A recent find of a Palaeolithic tool made of mammoth ivory causes speculations that it might have been used for production of rope and twine during the Paleolithic Era. The piece of ivory with carving was recovered by researchers from the University of Tübingen and the University of Liège.
The tool was made 40,000 years ago, around the time the first humans arrived in Europe. Analysis of the ivory suggests the carved notches weren’t simply for decoration but were for the explicit purpose of weaving plant fibers into rope.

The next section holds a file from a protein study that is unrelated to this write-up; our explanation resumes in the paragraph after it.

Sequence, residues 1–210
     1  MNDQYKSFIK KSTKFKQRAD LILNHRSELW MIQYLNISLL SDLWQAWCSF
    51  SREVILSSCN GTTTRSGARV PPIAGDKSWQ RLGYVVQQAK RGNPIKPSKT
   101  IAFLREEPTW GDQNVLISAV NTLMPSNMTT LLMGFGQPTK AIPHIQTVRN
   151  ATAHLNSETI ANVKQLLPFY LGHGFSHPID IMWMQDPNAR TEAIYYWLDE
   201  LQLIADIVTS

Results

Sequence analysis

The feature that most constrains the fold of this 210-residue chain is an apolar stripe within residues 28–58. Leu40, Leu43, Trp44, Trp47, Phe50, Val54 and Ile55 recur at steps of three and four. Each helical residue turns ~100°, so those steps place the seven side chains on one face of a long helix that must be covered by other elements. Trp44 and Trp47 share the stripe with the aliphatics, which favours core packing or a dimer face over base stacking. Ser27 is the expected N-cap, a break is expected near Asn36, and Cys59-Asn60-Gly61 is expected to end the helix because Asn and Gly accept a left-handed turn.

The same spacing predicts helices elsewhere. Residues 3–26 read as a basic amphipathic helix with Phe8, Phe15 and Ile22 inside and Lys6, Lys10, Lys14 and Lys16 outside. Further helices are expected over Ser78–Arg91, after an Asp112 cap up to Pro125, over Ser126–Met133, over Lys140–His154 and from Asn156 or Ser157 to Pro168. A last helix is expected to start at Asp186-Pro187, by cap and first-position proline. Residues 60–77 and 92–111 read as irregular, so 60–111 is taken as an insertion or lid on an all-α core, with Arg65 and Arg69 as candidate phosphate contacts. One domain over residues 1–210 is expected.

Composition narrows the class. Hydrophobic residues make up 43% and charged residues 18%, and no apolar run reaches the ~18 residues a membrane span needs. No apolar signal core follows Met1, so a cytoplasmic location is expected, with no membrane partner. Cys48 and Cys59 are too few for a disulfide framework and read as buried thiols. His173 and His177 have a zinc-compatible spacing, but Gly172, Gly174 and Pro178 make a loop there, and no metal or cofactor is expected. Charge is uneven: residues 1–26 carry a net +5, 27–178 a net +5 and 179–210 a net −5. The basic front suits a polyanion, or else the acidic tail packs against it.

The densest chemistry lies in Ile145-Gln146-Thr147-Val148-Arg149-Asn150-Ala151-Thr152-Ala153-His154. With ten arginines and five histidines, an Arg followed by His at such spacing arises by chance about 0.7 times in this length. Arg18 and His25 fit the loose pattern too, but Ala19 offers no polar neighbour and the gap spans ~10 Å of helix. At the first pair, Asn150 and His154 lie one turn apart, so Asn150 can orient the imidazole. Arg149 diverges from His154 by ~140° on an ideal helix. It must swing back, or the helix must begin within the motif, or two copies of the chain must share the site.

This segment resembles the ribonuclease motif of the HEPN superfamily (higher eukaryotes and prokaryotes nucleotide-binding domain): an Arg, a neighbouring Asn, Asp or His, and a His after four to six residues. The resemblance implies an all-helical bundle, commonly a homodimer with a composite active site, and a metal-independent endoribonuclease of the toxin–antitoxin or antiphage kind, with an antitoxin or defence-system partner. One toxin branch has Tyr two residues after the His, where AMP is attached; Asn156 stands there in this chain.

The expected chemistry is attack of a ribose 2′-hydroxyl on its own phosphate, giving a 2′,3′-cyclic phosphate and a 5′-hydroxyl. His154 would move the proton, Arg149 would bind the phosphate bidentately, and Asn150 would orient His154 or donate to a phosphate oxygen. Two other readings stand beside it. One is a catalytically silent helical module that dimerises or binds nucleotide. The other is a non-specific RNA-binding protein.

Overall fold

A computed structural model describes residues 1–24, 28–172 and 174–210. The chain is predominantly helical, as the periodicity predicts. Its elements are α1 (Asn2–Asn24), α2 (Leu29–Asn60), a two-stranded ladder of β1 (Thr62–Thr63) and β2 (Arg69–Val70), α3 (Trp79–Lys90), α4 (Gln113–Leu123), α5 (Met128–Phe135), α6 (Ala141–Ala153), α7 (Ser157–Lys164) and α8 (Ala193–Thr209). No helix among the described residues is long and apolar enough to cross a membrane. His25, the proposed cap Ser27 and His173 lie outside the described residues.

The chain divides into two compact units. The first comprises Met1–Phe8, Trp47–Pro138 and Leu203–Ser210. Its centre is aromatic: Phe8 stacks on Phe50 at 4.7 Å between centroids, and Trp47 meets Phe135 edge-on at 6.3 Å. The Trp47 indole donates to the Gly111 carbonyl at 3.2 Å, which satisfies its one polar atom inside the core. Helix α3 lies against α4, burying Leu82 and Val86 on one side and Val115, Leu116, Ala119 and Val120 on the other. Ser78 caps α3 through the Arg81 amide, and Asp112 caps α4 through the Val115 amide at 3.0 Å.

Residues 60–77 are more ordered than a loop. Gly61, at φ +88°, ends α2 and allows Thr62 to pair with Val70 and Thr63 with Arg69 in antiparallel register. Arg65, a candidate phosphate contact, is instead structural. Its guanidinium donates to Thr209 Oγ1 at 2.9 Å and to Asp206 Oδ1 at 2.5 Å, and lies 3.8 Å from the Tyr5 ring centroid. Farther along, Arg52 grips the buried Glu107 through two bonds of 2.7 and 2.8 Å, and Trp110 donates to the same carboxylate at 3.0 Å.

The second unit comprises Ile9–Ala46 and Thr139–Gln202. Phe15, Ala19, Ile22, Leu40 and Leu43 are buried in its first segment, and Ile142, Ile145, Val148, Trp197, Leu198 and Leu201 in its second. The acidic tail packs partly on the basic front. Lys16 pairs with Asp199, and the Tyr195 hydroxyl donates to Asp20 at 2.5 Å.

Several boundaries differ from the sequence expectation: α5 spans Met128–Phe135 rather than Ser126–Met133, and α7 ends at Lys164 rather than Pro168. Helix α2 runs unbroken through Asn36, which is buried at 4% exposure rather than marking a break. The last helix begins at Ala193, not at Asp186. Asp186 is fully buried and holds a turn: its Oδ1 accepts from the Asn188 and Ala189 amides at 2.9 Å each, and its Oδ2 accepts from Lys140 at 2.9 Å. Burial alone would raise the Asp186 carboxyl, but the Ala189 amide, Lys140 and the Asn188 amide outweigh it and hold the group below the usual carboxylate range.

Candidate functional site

Scientists have previously suggested similar ivory tools were used as shaft-straighteners. Others argued the carved ivory were pieces of art or musical instruments. The newly recovered ivory was better preserved than previous ivory artefacts, allowing scientists to more accurately test its utility for various tasks. Palaeontologist from Liège, Veerle Rots, stated that this tool answers the question of how rope was made in the Palaeolithic, a question that has puzzled scientists for decades.
(after United Press International)